Digitas has answered the vexing question: Whatever happened to the middle class?
The Publicis Groupe unit reports that the once “mass affluent class” is the new middle class. The implication: former middle class families are America’s new lower class.
Of the former lower class, don’ t ask. Blame it on the global economic recession, deregulation and the massive shift of income to the top one percent of society.
In a survey called “Affluence in America: The New Consumer Landscape” released today by Digitas and Ipsos Mendelsohn, the former mass affluent group of households with annual incomes of $100K to $199K identifies itself as middle-class. Reason: they lack the spending power that they once enjoyed and live on income alone.
Digitas has disbanded the mass affluent group and divided it into “class affluent” ($200K to $1M household income) and “emerging affluent” (households under 35 years old with $100K-$199K HHI).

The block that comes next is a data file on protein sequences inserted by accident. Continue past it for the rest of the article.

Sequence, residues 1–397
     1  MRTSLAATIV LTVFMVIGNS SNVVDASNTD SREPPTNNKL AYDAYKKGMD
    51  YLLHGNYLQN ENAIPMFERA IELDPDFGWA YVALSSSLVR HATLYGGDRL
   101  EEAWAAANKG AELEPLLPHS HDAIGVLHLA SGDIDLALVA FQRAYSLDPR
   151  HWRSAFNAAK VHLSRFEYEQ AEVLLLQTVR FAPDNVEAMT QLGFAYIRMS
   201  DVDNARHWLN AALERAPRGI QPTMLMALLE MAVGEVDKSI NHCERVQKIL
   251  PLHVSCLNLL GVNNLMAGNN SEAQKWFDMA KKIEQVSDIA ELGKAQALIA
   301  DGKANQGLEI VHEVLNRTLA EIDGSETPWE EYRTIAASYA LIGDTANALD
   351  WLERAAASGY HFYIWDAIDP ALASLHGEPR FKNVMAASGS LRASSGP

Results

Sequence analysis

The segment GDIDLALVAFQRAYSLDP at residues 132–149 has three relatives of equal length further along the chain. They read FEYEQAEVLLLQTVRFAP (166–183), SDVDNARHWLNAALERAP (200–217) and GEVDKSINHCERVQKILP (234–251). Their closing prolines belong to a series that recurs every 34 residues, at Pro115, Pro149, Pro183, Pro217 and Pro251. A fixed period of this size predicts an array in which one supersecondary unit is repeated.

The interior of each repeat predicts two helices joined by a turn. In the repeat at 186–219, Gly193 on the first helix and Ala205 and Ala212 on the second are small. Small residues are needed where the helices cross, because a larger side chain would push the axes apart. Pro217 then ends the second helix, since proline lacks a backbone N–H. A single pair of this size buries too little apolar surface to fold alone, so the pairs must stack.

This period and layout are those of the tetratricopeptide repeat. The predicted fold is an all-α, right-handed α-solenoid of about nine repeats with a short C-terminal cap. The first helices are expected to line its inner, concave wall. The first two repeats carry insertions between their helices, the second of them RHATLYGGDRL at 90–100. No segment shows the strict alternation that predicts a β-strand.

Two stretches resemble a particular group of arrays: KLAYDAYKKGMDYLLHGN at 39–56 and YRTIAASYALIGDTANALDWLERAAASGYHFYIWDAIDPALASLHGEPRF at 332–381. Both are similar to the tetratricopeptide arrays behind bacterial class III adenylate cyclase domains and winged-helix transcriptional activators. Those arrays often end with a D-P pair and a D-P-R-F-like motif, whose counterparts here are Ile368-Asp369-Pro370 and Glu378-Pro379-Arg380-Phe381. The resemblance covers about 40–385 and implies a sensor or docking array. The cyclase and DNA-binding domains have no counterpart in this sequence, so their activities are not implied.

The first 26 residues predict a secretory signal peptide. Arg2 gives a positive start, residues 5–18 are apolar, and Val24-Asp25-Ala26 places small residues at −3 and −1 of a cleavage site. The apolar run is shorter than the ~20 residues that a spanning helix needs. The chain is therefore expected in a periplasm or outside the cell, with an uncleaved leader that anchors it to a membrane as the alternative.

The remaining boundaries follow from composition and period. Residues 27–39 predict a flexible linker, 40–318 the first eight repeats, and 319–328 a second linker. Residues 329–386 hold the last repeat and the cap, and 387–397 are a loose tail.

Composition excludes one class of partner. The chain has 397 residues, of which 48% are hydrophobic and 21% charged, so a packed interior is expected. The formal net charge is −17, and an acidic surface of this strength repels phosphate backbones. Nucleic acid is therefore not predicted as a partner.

The class affluent is a minority of America, representing 8.5M of the nation's 307M population. It is further subdivided into the creative class ($200K to $499K incomes in software, publishing, advertising, PR, architecture), “money class” ($499K to $1M from finance and consulting) and “leadership class” ($1M and up from financial, legal, Internet entrepreneurs).
Digitas can now work on answering an even bigger question. What’s happening to the vast group of American households that earn from $40K to $100K a year. How about naming it the “suffering class” or “forgotten class.”
America won't reach its full potential until each class advances.